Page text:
Among the many times I rejected beauty in my teenage years, one day sticks out. My friends and I were sitting in a class with one of the instructors who didn’t transfer out of our district when things got hard and violence surged. That day we were in rare form, cracking more than the usual amount of jokes about her, interrupting her lecture. We also began a particularly intense game of trash can basketball with paper balls flying from all over the classroom. The more she tried to ignore us and continue, the more we wanted to break her.
After class, I saw her out in the hall, visibly troubled, steadying herself for the next group of kids. I remember walking away with my classmates, pretending to celebrate our victory — but a part of me knew that we had lost much more than we had gained. We had risked driving away someone whose only flaw was to care.
Isn’t it easier to believe that everyone who loves us has some secret agenda? That racism will forever block the creation of what Martin Luther King Jr. called the beloved community? That the gun lobby will always overwhelm every attempt at reform? That poverty is a fact of human existence? Despair allows us to give up our resistance and rest awhile.
The tragedy of Judas’s story is that his despair never let him go. The gospel accounts tell us that after betraying Jesus, he killed himself. I do not know many people who have committed suicide, but lots of people from my neighborhood quit on life. Convinced by our shared traumas that their story was over, they let drugs or the streets take them. I have never thought of myself as better than them. I simply was lucky that the vices I turned to in my wandering years did not ruin me.
In the gospel stories, Jesus overflows with forgiveness. On the cross, one of the last things he said was a plea that God forgive those who crucified him. After the resurrection, he forgives Peter and the other disciples.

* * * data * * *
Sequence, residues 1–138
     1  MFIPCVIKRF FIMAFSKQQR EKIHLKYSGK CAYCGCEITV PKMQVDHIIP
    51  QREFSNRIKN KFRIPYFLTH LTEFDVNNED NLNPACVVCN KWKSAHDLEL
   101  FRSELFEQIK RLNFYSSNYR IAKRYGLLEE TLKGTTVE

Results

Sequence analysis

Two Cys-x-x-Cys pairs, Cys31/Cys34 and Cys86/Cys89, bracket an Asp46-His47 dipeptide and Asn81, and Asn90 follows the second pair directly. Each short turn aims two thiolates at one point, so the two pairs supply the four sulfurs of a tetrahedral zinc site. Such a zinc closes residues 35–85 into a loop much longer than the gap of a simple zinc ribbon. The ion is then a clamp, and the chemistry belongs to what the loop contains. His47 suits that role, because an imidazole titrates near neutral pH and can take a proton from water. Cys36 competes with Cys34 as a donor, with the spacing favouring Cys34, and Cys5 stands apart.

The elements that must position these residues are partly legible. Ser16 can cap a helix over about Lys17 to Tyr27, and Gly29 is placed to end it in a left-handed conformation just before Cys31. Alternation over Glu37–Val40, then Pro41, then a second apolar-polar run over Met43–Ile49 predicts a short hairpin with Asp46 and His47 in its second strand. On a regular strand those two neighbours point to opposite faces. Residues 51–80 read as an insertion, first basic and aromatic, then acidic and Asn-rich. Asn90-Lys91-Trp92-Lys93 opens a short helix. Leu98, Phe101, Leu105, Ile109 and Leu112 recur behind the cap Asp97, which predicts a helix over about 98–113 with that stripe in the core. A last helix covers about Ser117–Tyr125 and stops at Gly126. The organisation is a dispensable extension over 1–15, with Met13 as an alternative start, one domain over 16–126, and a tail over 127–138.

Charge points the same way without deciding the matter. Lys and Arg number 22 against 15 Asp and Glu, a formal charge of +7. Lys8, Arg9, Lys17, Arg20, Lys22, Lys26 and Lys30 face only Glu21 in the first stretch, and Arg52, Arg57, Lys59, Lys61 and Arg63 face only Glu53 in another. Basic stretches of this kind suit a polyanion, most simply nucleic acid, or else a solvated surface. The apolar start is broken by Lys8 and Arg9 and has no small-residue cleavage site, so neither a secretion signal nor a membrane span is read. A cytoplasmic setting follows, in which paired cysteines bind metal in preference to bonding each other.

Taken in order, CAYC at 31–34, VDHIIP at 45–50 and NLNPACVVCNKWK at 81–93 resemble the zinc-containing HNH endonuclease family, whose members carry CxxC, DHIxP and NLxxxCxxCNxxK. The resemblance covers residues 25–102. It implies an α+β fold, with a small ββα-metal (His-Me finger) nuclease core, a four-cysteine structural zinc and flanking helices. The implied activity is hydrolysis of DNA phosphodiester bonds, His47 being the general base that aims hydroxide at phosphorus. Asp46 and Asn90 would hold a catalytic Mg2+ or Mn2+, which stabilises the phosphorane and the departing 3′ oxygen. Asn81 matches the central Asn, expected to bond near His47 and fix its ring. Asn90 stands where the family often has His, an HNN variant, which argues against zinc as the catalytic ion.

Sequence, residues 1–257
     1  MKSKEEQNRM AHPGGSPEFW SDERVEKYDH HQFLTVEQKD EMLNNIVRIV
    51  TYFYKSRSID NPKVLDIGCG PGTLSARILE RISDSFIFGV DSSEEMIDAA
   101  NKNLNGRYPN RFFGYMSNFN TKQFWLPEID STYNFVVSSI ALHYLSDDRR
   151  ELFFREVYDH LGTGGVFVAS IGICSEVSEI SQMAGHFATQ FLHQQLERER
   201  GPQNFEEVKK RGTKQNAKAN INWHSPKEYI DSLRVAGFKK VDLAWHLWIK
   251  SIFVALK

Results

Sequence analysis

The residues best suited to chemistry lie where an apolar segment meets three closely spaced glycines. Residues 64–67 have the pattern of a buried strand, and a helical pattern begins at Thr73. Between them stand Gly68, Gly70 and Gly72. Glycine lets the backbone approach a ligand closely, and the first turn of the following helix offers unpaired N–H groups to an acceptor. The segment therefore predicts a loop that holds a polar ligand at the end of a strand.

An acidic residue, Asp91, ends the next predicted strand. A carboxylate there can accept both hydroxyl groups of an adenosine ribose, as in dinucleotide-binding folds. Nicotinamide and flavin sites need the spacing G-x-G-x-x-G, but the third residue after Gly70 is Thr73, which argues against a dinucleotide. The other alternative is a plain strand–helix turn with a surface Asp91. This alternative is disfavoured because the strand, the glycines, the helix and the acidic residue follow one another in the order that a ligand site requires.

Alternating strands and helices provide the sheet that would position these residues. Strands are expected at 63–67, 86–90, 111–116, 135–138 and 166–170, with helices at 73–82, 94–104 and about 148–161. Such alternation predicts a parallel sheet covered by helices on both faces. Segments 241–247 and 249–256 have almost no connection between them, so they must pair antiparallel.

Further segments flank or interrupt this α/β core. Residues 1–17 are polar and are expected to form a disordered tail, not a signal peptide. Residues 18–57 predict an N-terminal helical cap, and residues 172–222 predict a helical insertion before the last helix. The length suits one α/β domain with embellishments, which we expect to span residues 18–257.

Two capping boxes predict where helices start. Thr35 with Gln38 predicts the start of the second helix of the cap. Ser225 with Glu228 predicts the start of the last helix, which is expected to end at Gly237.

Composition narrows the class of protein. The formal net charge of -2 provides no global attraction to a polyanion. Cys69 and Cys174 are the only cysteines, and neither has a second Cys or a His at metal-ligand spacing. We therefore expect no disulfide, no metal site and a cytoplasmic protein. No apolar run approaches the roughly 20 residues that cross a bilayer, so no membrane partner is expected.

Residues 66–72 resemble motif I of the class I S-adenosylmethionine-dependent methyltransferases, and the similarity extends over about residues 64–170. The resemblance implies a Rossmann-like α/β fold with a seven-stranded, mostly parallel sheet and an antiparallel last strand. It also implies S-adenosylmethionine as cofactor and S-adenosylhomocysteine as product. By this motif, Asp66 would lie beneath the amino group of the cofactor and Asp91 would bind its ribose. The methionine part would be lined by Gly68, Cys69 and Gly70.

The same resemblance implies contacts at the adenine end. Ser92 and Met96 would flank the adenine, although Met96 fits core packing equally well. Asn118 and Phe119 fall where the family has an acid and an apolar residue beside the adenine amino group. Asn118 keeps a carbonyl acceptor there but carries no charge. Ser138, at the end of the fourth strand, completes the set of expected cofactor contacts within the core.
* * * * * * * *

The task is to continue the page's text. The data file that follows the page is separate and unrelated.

His generosity has been a great cheer to all of us misfits who have faltered in our time of testing. The only better story of redemption I can imagine would have been the reconciliation of Judas the Betrayer and Jesus. I am confident Jesus would have forgiven Judas. But in the narrative Judas dies before Jesus rises from the dead. If only Judas had lived a little longer to find that the beautiful thing he tried to destroy was not so easily vanquished.
That indestructibility of hope might be the central and most radical claim of Easter — that three days after Jesus was killed, he returned to his disciples physically and that made all the difference. Easter, then, is a not metaphor for new beginnings; it is about encountering the person who, despite every disappointment we experience with ourselves and with the world, gives us a reason to carry on.
So this Easter I will make my way with my family to the South Side of Chicago, to that congregation that serves as our church home. I will do my best to join in the songs of celebration, not because I no longer feel the darkness that has marked so much of my journey, but because sometimes I still do.
Esau McCaulley (@esaumccaulley) is a contributing Opinion writer and an associate professor of New Testament at Wheaton College in Illinois. He is theologian in residence at Progressive Baptist Church, a historically Black congregation in Chicago, and the author of the forthcoming memoir “How Far to the Promised Land: One Black Family’s Story of Hope and Survival in the American South.” He lives in Wheaton, Ill., with his wife and four children.